2004 Denver Annual Meeting (November 7–10, 2004)

Paper No. 4
Presentation Time: 8:00 AM-12:00 PM


KELSON, Chris R. and CROWE, Douglas E., Department of Geology, Univ of Georgia, Athens, GA 30602, ckelson@uga.edu

Melnikovite (banded) pyrite, pyrite, and marcasite occur as the fifth of six epithermal-style mineralizing events within the Hilltop gold deposit, Lander County, Nevada. The deposit is estimated to contain 69.4 million short tons of ore averaging 0.028 ounces of gold per ton (opt) totaling 1.943 million ounces. The gold is mainly associated with silica, pyrite, and arsenopyrite of the second, third, and fourth mineralizing events. The fifth event (melnikovite pyrite, pyrite, and marcasite) post-dates gold deposition.

Melnikovite pyrite at Hilltop occurs as colloform, botryoidal, and reniform masses in veins, filling open spaces within vugs and fractures, and as matrix in fault zone breccias. The thickness of each individual band varies from sub-microscopic to 0.5mm, and most individual bands are comprised of numerous smaller bands. Each band is comprised of either pyrite or marcasite, or a combination of both, as massive or fibrous, radiating crystals. Kaolinite occasionally fills open spaces within the center of melnikovite pyrite-filled vugs.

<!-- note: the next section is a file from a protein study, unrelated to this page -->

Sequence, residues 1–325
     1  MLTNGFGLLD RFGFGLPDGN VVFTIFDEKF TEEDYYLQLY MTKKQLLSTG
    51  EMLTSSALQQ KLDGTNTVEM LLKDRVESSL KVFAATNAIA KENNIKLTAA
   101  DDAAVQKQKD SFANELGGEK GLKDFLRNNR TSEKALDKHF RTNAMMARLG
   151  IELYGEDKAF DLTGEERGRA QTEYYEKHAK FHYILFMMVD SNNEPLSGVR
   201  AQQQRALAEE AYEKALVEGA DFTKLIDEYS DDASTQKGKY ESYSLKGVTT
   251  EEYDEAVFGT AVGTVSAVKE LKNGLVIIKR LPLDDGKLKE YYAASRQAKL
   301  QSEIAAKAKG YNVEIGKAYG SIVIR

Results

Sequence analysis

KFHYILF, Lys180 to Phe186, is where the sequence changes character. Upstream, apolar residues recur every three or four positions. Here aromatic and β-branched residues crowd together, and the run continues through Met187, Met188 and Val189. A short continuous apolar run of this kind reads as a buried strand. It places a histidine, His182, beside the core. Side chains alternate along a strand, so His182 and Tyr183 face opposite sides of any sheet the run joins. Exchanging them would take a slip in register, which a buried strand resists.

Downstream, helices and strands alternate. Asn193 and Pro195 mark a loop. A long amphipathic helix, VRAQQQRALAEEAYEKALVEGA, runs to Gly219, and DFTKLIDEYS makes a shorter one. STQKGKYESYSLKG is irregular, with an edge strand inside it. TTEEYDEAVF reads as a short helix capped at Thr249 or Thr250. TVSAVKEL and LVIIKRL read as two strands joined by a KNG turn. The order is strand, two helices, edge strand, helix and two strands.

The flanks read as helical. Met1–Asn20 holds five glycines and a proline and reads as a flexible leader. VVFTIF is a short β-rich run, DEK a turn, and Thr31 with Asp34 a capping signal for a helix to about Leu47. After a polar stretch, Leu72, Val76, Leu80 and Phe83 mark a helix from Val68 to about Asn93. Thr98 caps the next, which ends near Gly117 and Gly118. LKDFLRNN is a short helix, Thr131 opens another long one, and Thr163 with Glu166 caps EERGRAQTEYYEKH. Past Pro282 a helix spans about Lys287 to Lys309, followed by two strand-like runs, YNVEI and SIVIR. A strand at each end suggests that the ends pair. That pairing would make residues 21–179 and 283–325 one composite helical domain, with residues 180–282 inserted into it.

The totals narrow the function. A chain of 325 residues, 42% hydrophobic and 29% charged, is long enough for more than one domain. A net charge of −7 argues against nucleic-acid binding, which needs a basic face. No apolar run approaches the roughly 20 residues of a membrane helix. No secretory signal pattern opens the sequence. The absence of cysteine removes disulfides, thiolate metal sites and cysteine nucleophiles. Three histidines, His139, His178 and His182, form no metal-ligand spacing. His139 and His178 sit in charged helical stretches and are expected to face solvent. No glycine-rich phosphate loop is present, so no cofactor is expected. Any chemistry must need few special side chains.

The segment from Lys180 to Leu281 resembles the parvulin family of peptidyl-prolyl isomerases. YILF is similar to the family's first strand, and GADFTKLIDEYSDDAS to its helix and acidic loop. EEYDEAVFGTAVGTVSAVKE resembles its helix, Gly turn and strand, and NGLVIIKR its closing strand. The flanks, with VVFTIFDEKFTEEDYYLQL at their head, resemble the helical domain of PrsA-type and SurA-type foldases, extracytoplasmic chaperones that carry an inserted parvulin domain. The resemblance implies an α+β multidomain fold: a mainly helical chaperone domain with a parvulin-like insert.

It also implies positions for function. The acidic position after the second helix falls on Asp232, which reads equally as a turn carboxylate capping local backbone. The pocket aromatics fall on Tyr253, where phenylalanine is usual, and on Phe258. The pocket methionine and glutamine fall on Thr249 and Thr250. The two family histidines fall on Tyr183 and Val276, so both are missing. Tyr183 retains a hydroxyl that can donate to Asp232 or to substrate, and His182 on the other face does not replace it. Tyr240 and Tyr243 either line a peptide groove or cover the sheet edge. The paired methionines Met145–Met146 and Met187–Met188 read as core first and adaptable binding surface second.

A detailed study of a one cm-wide vein filled with melnikovite pyrite from Hilltop reveals chemical and isotopic differences from one melnikovite pyrite band to another. Electron microprobe analysis shows compositional variations (wt percent) of Fe (41.8 to 47.0), S (50.3 to 52.9), Co (0 to 0.1), Ni (0 to 1.3), Sb (0 to 3.8), and As (0.2 to 1.3) between bands. Cobalt and Ni are associated with pyrite bands; Sb and As with fibrous (marcasite?) bands. Sulfur isotope values range from +2 per mil (youngest material in center of vein) to –12.1 per mil (between center and edge of vein) to +5.6 per mil (oldest material near edge of vein). The variable and depleted sulfur isotope values and the colloform/botryoidal habit, as well as the presence of marcasite, suggest a low temperature, biogenic influence on the process of melnikovite pyrite formation.